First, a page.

when talking interferes

with breathing
when FOMO trickles down
to Grandma

when sadness over seeing another dead mouse
on the running path
gets replaced with relief

it’s not a gigantic snapping turtle
with its guts seeping out
shell intact

when everyone
is recovering
from something

and pantries
have stepped out
of their closeted pasts

no more
hidden loaves
or cans stacked too high

when the power goes out
and whispers get recorded
then erased then retrieved

from a generator
1,000 miles inland
taking the scenic route

and the mermaid cover
no longer
makes sense

and the temperature plummets
as Saturday afternoon
gains momentum

the promise
of vicious river otters
swimming up north remains likely

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Weather Inside a Diorama 

I search for intimacy
on a footbridge
that’s been mute
for too many pink nights

then the tunnel
stares me down

I want to ratchet up
a conversation
without echoes
with only the left ear

participating
what’s really going on

with those brain damaged
Americans in Havana’s hotels
the answer sounds so jade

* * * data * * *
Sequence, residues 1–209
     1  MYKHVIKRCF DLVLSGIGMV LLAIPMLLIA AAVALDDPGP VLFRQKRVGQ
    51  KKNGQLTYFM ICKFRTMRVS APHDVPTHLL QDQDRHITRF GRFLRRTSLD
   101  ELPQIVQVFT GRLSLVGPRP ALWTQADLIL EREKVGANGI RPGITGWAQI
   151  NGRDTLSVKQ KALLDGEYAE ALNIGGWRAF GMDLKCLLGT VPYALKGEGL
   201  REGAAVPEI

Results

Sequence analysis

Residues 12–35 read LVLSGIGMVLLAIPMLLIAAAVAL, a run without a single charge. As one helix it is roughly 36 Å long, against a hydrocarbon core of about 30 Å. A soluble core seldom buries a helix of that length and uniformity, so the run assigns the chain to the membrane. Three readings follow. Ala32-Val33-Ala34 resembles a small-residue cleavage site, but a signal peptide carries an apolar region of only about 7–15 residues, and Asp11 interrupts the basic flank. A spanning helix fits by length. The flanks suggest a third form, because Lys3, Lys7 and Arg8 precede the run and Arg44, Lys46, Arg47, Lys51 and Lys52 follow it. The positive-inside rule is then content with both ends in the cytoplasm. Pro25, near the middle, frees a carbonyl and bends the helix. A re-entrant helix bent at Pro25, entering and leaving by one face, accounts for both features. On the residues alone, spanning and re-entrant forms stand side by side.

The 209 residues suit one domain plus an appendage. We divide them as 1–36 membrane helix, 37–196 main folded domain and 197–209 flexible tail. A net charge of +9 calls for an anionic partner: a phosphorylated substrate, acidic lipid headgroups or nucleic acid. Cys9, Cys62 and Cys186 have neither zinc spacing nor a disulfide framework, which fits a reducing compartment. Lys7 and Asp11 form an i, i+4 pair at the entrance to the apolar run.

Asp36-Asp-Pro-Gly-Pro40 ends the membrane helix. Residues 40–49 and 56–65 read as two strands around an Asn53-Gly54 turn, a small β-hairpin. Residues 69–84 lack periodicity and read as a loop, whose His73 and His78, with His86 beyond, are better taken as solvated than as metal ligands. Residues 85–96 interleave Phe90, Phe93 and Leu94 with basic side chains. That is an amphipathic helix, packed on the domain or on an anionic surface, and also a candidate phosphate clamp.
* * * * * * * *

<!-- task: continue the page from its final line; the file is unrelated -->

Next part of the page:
when you say it

I can’t even pronounce
the color of your sonic terror

the one you left to rot
in a backpack overnight
it gets so sticky
with morning inside

Water Poured Over Myths

he catches a catfish
the size of a 9-year-old
boy or girl

a river
overflows
while a sea halfway

across the world
dries up

runners risk death
from hyponatremia
more than dehydration

it won’t kill you
to let a pink flame emerge
in the western sky

without reaching for
your iPhone to capture it
live or still

a little thirst
doesn’t mean

you will subvert the cure
and have to start counting
all over again

house vs. home

lar in Portuguese
hogar in Spanish
chez soi in French
ibasho in Japanese

hjem in Norwegian
or Danish
domov in Czech
dom in Polish

I could go on and never reach the perfect
word to describe this yearning
for something I’m not sure
I have ever experienced

I’ve longed for it
so long

I’ve chased wind
across the water
and listened for moon sighs
on cool summer nights

have wanted to dance
on the surface of the open ocean
to celebrate the intangible
and restless beneath

have considered
one night stands
with a parade
of duende spirits

mermaids and Vanessa
the wooden green
sea serpent
who lives in Farm Pond

the dory left
in the Menemsha salt marsh

saudade casts shadows
of jagged waves
on docks and stone jetties
just beyond civil twilight

have heard Portuguese and Wôpanâak
mixed together with tears
and sweat
in my early morning dreams

it’s beyond a wetu structure
that shelters children and lost phrases
it’s the red cedars 
growing alongshore 

The Uncatena & Other Bygones

Too afraid to knock on the door